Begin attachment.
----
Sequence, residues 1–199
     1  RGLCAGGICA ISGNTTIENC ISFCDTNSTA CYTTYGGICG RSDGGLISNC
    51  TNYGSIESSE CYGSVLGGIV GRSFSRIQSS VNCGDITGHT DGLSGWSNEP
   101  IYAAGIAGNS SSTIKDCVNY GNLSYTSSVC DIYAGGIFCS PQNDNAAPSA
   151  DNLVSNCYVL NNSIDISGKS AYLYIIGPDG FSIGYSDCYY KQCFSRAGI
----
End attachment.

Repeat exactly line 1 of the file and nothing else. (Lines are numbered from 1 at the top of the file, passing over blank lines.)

Sequence, residues 1–199